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Piedmont (Calif.) to Get State-of-the-Art Ambulance

PIEDMONT, Calif. -- Piedmont will get a new, up-to-date fire engine and a state-of-the-art ambulance with approval by the City Council this week authorizing an additional $28,000 to purchase the equipment.

In June, the City Council approved $595,000 from the equipment replacement fund for the two items. Fire Chief Ed Tubbs explained the additional cost was due to upgraded exhaust systems and safety features required by the California Air Resources Board, Department of Transportation and Environmental Protection Agency. The units would replace two aging pieces of equipment, which the department will try to sell to recoup some of the cost.

Tubbs said maintenance costs rise on older pieces of equipment and parts are sometimes difficult to obtain. Fifty percent of the cost would be paid up front, the balance upon delivery.

The council was less supportive of a request for $16,920 to pay for investigation of two 1,000-gallon city underground storage tanks. Public Works Director Chester Nakahara said Alameda County Environmental Health is requesting the tanks and surrounding soil be examined for possible contaminants.

Council consensus was that the contract with consultants Aqua Science Engineers needed to be clarified and "tightened" so as not to leave the city open to cost overruns.

Nakahara pointed out that any cost for examination and/or mitigation would be reimbursed by the state Underground Storage Tank Cleanup Fund.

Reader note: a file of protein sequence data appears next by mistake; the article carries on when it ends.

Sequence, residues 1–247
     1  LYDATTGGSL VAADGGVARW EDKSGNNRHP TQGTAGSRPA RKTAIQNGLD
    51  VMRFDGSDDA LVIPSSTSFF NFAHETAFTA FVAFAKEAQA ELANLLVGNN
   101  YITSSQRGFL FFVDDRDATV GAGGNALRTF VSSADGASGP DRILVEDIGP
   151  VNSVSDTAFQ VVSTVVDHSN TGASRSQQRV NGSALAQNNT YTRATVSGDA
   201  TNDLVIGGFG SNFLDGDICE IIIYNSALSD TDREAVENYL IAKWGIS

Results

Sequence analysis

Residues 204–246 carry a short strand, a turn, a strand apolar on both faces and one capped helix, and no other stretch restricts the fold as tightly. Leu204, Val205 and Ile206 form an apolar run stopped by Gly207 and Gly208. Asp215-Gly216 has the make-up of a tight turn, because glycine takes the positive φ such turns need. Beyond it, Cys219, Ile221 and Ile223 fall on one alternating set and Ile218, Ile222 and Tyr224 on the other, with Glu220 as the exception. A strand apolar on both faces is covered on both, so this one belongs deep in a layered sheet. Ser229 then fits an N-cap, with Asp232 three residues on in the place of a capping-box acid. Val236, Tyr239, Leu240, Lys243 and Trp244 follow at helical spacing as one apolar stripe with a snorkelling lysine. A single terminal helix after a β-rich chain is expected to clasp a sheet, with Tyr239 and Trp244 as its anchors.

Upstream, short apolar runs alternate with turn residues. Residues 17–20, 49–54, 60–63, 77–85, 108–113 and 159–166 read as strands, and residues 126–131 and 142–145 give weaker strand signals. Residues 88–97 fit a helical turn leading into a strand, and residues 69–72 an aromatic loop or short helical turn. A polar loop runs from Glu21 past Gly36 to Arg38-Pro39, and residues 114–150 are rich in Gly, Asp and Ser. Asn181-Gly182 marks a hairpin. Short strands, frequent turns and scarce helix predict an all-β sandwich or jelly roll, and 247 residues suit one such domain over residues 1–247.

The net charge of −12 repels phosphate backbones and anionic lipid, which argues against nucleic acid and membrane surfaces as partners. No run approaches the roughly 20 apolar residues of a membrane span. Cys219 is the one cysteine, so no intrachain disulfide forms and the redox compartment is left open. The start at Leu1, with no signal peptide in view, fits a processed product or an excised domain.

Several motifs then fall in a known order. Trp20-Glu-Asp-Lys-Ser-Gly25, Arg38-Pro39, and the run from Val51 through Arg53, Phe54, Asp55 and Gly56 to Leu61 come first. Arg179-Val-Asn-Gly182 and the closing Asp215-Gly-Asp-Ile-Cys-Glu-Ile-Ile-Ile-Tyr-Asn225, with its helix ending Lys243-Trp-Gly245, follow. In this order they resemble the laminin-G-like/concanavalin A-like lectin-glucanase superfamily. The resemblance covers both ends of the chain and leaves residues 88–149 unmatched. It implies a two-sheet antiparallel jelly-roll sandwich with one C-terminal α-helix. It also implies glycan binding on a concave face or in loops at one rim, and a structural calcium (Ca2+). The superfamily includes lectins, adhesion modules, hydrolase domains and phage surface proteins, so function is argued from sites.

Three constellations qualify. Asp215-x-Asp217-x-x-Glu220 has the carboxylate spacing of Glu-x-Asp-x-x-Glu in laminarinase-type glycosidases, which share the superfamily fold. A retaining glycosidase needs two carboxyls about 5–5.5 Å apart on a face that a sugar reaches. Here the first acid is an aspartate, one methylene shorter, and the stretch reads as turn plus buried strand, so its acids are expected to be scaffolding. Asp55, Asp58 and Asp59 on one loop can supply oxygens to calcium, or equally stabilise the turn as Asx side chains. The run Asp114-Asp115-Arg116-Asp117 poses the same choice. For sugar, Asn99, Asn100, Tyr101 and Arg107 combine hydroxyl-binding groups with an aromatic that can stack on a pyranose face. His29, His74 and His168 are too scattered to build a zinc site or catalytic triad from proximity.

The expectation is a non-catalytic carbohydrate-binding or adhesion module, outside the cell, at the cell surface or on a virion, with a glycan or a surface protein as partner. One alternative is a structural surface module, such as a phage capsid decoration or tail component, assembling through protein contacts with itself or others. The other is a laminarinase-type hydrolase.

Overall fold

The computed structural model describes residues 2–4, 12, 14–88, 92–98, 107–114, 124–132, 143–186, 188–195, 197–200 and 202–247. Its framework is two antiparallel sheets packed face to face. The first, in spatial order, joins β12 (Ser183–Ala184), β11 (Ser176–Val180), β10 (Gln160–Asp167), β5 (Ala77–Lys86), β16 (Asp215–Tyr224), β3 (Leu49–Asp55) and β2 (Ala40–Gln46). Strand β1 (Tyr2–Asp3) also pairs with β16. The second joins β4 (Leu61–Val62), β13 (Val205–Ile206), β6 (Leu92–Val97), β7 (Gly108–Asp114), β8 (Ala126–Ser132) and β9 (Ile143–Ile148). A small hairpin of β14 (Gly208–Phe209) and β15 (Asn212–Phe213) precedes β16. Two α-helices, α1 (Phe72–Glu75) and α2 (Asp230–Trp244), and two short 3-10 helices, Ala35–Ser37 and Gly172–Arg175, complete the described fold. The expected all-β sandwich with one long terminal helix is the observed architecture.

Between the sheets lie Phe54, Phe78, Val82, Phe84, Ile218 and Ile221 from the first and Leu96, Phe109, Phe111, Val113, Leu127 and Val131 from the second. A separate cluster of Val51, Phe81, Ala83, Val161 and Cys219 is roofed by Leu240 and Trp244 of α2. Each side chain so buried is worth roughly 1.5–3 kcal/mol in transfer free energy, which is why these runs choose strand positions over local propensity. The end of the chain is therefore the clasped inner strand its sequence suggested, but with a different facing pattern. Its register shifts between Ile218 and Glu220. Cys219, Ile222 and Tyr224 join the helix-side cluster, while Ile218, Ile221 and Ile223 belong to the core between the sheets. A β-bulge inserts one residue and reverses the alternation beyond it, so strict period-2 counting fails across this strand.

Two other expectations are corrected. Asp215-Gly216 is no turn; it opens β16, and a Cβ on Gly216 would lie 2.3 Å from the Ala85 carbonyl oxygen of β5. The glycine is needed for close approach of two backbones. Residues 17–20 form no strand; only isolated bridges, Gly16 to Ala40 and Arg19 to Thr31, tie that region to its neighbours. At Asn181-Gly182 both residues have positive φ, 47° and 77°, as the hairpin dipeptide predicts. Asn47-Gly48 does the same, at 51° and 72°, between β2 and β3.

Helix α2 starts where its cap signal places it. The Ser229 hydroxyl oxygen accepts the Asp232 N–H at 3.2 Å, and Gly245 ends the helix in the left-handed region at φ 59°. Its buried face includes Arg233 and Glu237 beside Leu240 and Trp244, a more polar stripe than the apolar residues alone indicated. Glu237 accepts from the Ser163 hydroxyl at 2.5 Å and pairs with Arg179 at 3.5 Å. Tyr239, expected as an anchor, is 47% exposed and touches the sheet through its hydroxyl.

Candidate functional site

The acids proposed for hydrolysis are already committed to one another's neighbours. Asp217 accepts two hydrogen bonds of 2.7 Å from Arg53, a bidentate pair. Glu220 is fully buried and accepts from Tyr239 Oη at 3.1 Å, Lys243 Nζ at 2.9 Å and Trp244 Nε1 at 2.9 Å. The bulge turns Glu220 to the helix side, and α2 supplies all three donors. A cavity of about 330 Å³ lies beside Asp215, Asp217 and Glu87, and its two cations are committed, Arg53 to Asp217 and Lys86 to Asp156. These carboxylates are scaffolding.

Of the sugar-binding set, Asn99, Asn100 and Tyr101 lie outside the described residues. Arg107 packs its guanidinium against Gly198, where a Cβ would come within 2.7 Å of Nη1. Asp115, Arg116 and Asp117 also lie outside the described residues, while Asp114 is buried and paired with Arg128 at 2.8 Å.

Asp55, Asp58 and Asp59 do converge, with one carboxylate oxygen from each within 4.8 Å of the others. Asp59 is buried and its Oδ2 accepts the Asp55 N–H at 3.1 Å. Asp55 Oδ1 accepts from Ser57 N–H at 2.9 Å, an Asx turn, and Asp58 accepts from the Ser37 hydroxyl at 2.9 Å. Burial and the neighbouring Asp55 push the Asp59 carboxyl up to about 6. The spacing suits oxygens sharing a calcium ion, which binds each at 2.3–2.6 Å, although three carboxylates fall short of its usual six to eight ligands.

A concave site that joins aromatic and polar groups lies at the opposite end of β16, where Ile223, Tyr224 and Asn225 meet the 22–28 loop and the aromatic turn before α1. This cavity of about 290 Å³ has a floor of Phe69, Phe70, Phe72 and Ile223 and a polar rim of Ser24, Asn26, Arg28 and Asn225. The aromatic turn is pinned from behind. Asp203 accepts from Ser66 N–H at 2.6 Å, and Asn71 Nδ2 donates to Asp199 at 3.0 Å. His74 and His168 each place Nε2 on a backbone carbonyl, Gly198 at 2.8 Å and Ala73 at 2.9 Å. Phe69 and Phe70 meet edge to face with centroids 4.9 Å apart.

"This is an absurd demand from the environmental bureaucracy," resident George Childs said.

Recreation Director Mark Delventhal reported to the council that the community pool has sold 445 swim passes, but that a robust marketing campaign is being waged to sell more passes to families in neighboring communities like Montclair and Temescal districts.

Some income estimates have fallen short in the categories of seasonal or senior passes and lessons, he said. The pool took in $284,453 in revenue as of Sept. 15, operating since July 1. Revenue was estimated at $429,250.

"We have a way to go," Delventhal said.

The council also accepted the preliminary report of the audit subcommittee formed to review the facts leading to the bailout of the Piedmont Hills underground utility district.

The panel met seven times in public sessions to detail its findings and suggest measures to prevent similar problems in the future.

The subcommittee may reconvene or be reformed at a future date after litigation is settled between the city and two engineering firms that worked on Piedmont Hills.



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